Price isn’t the only factor
Huawei has once again launched two flagships phones at the same time; one comes with a Pro moniker, while the other does not. Like before, there are some significant differences between the Mate 20 pair to take note of.
One obvious difference is in their displays. While the Mate 20 Pro goes for a notched 6.39-inch 1440p curved HDR OLED display — certainly a mouthful — the regular Mate 20 has a 6.53-inch 1080p RGBW HDR LCD with a much smaller notch.
The Pro model justifies the larger notch by housing a more complex camera system for secured facial recognition, but if that doesn’t matter to you, the regular variant’s Dew Drop notch may be more appealing — and definitely less intrusive.
In addition, the Mate 20 Pro’s OLED tech allows it to curve the edges and equip an in-display fingerprint scanner. It’s essentially the more modern-looking design of the pair.
Since both models have Huawei’s Kirin 980 chipset installed, pure performance is virtually identical. The Pro and non-Pro also share the same memory and storage configuration of 6GB and 128GB, respectively, although the plain Mate 20 has a more affordable 4GB memory variant available, too.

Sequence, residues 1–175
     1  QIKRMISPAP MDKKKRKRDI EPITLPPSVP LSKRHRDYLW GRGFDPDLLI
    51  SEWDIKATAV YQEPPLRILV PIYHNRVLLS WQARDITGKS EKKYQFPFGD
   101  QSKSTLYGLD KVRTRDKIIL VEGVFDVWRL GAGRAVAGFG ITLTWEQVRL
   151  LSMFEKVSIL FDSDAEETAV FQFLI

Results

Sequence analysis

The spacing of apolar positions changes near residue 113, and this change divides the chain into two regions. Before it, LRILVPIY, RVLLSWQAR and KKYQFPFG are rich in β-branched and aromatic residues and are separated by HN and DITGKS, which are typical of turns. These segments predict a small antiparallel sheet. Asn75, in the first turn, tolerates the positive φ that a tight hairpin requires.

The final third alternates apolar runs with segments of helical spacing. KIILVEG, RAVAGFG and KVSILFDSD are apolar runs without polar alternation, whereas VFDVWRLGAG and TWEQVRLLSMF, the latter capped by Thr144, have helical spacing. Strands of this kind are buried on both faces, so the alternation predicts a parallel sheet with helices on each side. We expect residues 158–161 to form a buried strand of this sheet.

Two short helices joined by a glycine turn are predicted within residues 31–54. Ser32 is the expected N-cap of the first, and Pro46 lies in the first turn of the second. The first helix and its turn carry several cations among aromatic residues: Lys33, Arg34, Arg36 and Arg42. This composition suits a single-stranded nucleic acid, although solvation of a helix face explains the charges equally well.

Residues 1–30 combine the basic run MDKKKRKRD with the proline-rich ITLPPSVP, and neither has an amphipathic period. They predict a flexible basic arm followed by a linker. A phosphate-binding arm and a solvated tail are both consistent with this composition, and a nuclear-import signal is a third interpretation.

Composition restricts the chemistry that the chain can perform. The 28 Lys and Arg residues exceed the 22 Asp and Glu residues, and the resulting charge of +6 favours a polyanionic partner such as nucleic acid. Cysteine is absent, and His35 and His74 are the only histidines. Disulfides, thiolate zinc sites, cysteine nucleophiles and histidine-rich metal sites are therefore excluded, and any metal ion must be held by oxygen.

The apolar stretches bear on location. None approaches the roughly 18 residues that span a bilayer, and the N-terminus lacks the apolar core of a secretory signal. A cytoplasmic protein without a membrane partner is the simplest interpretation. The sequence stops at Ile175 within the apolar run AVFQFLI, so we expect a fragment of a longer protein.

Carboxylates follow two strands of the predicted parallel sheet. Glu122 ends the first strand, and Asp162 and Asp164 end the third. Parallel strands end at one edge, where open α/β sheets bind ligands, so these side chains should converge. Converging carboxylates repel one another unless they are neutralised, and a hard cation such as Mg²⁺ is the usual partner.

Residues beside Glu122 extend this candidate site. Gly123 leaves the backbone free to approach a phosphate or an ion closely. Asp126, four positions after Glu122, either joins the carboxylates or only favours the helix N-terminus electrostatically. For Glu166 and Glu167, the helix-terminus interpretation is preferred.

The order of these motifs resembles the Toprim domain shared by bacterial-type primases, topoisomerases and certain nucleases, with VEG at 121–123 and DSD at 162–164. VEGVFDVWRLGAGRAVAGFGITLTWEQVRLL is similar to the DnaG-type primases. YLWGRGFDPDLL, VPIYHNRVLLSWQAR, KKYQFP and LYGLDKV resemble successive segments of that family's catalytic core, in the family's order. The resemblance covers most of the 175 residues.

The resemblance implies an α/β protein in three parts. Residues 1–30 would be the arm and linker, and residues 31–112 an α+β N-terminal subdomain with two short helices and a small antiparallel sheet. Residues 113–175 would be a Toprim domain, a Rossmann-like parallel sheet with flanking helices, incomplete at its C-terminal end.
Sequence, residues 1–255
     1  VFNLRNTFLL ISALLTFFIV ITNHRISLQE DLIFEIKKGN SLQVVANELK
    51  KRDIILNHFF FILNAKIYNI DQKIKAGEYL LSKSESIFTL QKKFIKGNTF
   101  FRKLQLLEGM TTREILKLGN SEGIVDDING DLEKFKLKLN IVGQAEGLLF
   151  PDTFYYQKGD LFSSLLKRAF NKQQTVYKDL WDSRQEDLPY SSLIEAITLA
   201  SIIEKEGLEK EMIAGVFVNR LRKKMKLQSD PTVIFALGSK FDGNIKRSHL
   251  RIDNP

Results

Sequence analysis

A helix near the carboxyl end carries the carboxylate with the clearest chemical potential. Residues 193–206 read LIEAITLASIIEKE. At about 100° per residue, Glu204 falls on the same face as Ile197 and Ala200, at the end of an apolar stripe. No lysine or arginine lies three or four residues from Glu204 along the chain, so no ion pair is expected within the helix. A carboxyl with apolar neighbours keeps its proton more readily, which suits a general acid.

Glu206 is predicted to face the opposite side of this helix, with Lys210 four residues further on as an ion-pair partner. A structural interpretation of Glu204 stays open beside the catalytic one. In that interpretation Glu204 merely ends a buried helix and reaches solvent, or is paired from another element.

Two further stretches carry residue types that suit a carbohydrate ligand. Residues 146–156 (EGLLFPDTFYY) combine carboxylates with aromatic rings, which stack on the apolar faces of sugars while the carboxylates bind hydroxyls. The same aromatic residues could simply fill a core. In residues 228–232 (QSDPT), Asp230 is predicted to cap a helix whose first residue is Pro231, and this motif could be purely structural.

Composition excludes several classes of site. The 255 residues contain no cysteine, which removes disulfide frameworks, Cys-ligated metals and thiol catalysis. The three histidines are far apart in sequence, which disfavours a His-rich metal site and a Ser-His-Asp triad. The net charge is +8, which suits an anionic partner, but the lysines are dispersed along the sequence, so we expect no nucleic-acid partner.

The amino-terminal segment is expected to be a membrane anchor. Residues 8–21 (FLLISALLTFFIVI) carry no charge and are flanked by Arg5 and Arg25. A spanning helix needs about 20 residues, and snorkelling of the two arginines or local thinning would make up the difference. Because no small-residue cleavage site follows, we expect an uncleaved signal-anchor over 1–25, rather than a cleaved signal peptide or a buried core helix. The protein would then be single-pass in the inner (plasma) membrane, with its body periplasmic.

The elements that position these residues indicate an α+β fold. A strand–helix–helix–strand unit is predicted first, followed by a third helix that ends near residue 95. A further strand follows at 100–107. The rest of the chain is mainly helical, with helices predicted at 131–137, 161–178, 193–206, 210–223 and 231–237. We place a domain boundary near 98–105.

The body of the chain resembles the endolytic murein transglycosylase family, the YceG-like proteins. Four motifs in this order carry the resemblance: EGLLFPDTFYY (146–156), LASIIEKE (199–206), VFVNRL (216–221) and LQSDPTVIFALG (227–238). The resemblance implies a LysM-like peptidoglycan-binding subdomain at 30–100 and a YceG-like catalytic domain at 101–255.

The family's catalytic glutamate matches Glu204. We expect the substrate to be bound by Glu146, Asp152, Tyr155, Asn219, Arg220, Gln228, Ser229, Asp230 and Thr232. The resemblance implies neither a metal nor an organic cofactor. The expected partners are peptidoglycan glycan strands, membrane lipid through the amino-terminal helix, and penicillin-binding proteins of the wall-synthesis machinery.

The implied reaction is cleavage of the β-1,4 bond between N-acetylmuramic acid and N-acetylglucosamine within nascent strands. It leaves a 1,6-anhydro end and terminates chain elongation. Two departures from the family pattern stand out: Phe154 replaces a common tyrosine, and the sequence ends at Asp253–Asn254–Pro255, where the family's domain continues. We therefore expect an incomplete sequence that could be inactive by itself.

Another minor difference: The 4200mAh capacity of the Mate 20 Pro, along with the more energy-efficient OLED, provides it with potentially longer battery life than what the Mate 20’s 4000mAh capacity and LCD panel offer.
A more significant advantage for the Mate 20 Pro is its inclusion of a 40W SuperCharge adapter in the package — noticeably better than the 22.5W output of the Mate 20’s. Plus, the Pro version can charge other phones wirelessly using wireless reverse charging tech.
Perhaps, you’ll care most about the difference in camera quality and performance. While it’s too early to make photo and video comparisons, an initial look at specs shows that the Mate 20 Pro may have an edge.
There are three modules in place for the Pro: One is a 40-megapixel main camera, another has 20 megapixels and an ultra-wide lens, and the final unit offers 8 megapixels with 3x optical zoom
As for the Mate 20, its main camera has only 12 megapixels, the ultra-wide shooter settles for 16 megapixels, and the 8-megapixel telephoto camera goes up to only 2x optical zoom.
Despite the larger notch of the Mate 20 Pro, they share the same 24-megapixel selfie camera.
Pricing and colors